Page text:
Militaries and global health: peace, conflict, and disaster response

Joshua Michaud, Kellie Moss, Derek Licina, Ron Waldman, Adam Kamradt-Scott, Maureen Bartee, Matthew Lim, Jamie Williamson, Frederick Burkle, Christina S. Polyak, Nicholas Thomson, David L. Heymann, Louis Lillywhite

Research output: Contribution to journalReview articlepeer-review

Abstract

Many countries show a growing willingness to use militaries in support of global health efforts. This Series paper summarises the varied roles, responsibilities, and approaches of militaries in global health, drawing on examples and case studies across peacetime, conflict, and disaster response environments. Militaries have many capabilities applicable to global health, ranging from research, surveillance, and medical expertise to rapidly deployable, large-scale assets for logistics, transportation, and security. Despite this large range of capabilities, militaries also have limitations when engaging in global health activities. Militaries focus on strategic, operational, and tactical objectives that support their security and defence missions, which can conflict with humanitarian and global health equity objectives. Guidelines—both within and outside militaries—for military engagement in global health are often lacking, as are structured opportunities for military and civilian organisations to engage one another. We summarise policies that can help close the gap between military and civilian actors to catalyse the contributions of all participants to enhance global health.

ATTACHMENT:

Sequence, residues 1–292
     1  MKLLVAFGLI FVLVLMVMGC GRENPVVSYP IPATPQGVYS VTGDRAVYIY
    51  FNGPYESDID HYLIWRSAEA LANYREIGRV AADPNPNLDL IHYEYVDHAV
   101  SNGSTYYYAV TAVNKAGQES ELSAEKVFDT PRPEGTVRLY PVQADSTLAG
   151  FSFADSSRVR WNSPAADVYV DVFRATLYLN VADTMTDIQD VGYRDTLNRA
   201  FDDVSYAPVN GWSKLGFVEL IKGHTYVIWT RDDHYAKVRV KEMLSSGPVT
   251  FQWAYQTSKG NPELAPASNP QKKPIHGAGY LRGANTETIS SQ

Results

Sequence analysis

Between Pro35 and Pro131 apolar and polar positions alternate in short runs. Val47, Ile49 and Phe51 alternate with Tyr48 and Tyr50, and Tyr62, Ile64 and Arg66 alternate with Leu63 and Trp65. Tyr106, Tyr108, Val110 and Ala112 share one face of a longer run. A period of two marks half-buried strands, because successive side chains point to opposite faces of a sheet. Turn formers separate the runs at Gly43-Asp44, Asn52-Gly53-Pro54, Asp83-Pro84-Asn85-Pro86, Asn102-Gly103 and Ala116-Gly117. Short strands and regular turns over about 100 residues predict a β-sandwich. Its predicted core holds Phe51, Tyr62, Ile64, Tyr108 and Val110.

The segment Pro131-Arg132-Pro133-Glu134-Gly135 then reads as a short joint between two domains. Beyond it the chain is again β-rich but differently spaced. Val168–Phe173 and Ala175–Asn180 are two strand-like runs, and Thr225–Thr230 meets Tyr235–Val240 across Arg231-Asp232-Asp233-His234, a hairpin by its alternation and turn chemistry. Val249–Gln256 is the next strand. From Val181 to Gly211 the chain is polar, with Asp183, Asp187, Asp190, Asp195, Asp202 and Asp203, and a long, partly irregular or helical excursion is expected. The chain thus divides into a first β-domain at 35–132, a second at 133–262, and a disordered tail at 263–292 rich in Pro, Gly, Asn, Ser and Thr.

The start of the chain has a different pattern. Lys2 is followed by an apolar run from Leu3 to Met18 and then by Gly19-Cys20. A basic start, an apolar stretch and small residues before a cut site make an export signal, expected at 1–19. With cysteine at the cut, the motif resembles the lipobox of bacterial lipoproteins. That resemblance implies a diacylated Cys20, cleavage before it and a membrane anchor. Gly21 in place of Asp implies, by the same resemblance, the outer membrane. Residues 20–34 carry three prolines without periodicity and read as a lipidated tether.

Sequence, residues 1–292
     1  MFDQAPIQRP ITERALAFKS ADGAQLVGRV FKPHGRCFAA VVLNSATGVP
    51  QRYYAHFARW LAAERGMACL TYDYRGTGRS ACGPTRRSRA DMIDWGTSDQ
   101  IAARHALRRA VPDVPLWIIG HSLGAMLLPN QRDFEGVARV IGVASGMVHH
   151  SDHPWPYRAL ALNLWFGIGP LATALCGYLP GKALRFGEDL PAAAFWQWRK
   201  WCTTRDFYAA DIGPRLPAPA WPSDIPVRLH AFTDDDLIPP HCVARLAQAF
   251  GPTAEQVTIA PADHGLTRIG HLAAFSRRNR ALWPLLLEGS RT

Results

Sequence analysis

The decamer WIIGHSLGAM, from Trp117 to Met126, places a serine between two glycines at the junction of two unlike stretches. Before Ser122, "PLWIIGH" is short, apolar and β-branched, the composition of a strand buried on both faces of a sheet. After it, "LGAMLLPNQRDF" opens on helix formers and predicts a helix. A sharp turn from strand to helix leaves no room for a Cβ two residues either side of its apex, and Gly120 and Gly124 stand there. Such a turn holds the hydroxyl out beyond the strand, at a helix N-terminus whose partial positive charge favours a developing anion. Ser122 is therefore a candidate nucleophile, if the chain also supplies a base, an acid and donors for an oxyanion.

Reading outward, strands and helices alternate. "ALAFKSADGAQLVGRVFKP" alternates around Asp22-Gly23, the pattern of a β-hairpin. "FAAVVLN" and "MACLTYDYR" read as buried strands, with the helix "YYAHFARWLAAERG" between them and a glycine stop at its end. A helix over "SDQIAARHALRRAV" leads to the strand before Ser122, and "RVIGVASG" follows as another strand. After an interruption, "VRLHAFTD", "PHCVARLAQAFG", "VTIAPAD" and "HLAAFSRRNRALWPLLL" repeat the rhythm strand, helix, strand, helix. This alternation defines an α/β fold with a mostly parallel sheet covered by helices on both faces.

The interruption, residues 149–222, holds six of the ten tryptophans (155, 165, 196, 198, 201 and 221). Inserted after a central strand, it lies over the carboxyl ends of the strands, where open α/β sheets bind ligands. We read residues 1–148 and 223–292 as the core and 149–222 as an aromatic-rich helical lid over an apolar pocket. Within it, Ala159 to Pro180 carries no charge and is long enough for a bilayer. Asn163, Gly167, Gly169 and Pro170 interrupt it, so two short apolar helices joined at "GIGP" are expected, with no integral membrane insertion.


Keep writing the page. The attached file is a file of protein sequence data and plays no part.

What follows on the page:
Original languageEnglish (US)
Pages (from-to)276-286
Number of pages11
JournalThe Lancet
Volume393
Issue number10168
DOIs
StatePublished - Jan 19 2019
Externally publishedYes

ASJC Scopus subject areas

  • Medicine(all)

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